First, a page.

Professional business people founded the College Advisory Board (CAB) in response to issues revolving about higher education. The inclusion of the many factors relevant to securing a seat at a desirable university can provide to be, and is, a major decision affecting any number of people. The interaction of parent and student plays a significant role in location and major field of study. Some of this communication is frank and yet at other times there can be an undercurrent of confusion and frustration between the two parties that can measurably affect the quality of education desired by the student. Other major participants include guidance counselors, admissions officers, relatives, friends and others who can sometimes direct the thought processes of both parent and student. And, lastly, the community-at-large has an often unstated, but palpable interest in the quality, integrity and capability of graduates entering the workforce.
Much critical commentary addresses the type of education being taught in today's high schools. The character and depth of course work, the number and relevance of electives, the value of homework, and competing interests for a student's time all can help create a chaotic early life experience for our youth. All this coupled with changing value systems, relational morality, and theological confusion, indeed erect many real and implied obstacles with which young (and older!) minds must contend. The role of CAB is not so much to enjoin discourse on social commentary but rather to become a symposium on the more familiar challenges of pursuing a college degree.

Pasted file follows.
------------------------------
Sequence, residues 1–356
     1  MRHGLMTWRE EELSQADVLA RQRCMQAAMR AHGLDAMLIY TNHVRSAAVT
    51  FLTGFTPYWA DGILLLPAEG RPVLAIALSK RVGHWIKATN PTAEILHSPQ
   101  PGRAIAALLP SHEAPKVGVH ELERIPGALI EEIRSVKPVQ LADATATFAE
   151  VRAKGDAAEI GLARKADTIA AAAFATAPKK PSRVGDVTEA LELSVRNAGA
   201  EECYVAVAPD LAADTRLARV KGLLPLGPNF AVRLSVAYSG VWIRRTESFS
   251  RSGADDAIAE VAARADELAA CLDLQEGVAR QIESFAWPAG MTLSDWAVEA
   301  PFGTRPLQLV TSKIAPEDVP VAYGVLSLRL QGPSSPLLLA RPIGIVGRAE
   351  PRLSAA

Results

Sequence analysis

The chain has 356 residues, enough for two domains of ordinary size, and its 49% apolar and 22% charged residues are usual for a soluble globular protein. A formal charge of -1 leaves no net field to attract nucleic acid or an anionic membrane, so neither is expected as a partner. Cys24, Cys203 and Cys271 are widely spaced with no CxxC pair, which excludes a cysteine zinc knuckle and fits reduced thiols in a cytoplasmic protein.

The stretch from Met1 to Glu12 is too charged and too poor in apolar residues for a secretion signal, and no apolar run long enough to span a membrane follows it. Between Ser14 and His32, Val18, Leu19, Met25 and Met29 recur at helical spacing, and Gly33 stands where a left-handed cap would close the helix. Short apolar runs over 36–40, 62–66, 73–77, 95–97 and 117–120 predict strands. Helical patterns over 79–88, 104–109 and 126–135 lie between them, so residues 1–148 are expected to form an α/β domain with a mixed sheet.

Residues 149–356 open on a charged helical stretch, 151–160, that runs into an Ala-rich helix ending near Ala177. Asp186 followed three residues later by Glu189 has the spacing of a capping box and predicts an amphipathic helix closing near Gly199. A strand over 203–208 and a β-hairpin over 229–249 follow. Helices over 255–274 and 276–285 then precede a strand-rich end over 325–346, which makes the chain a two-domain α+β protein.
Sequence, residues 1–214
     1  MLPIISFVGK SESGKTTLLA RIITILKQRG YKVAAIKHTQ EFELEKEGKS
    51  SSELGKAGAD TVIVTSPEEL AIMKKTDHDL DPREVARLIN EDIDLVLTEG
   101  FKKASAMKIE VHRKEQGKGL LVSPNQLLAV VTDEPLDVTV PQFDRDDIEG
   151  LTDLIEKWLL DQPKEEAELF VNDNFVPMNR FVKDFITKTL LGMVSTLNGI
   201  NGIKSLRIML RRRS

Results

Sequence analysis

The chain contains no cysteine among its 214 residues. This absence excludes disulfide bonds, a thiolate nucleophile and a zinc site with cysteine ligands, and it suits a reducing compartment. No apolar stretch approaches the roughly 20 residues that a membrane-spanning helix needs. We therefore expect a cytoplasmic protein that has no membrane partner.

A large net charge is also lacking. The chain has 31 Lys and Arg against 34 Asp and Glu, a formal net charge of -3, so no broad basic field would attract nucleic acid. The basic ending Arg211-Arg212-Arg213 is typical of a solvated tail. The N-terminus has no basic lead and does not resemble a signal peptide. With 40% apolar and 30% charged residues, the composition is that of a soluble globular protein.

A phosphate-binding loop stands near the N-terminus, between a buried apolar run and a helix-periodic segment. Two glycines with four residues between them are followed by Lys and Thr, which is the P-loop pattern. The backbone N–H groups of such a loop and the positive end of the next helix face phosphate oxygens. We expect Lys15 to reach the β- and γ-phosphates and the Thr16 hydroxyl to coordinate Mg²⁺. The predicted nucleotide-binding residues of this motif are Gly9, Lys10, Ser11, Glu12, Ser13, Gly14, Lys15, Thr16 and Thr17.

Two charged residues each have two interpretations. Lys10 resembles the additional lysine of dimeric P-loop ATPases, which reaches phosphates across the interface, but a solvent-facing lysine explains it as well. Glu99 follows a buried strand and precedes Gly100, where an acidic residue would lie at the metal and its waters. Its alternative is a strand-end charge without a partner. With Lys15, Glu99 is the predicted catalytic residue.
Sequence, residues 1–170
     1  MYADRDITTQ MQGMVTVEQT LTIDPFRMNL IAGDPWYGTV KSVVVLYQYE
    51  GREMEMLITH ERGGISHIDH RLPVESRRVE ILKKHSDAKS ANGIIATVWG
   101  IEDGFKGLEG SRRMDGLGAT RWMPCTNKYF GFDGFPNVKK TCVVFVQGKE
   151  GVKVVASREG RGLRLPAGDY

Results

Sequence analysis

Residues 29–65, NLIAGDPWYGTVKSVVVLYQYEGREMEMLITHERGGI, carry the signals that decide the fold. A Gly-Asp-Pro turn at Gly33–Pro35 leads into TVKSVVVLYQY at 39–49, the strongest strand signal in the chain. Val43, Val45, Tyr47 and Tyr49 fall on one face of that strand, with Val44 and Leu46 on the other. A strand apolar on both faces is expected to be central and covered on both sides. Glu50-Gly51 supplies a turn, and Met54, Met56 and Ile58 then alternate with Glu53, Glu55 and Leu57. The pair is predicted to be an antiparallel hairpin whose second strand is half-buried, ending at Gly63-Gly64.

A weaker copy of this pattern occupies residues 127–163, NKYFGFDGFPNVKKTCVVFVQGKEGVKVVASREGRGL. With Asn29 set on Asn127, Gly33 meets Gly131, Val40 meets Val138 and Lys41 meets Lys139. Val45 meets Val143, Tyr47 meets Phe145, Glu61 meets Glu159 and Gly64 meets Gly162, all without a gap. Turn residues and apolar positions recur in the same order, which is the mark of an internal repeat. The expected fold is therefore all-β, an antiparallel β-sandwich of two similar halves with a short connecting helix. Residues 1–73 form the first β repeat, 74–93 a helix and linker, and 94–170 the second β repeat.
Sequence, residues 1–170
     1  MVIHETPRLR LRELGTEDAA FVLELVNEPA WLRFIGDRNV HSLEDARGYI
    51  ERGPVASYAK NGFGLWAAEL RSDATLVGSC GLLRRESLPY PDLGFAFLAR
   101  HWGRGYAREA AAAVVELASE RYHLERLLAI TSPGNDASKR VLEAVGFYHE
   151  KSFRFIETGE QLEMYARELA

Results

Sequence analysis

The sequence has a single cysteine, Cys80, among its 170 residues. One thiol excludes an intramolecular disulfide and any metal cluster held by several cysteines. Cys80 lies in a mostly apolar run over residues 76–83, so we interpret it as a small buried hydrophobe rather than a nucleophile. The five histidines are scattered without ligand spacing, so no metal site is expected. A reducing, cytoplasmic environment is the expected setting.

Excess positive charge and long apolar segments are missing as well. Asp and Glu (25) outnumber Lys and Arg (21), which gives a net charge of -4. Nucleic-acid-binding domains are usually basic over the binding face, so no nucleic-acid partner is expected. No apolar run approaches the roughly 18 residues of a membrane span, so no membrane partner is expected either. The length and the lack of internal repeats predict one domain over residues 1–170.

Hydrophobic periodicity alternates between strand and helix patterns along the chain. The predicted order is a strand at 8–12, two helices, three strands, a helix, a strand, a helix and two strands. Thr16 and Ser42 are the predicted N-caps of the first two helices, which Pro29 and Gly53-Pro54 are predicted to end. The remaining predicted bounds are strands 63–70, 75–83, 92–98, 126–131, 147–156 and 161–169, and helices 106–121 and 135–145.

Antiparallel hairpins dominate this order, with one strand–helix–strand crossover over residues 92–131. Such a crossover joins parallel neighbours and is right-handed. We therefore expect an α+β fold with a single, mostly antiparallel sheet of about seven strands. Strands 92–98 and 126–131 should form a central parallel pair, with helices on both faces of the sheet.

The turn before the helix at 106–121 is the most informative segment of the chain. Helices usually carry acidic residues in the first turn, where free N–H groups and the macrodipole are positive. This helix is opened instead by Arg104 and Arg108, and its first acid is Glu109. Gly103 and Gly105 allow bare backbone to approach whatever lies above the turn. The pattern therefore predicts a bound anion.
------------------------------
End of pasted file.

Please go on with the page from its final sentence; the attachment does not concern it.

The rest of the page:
The broader scope of positioning students so that they finish their initial
degree in the shortest time is a cost-saving factor for the parent and other
benefactors. The typical four-year degree takes roughly five and a half years
to complete in the
The CAB encourages students and parents to ask these questions, and more, of their high school guidance counselors, college admissions officers, alumnae and those in fields in which they find an interest. Students can be presented with several diagnostic assessments which can prepare them better for the college experience. Have a college planner administer the Myers-Briggs Personality Assessment, ACT, and Miller Analogy Test to help the student understand some of their core principles and critical thinking skills. Being able to define one's interests can lead to early career choices at which time a major can be identified. At this point it becomes easier to research for the compatible university based upon the field of study. By following a direction of research and analysis of this nature, one can dramatically cut the cost of attendance - to everyone's benefit.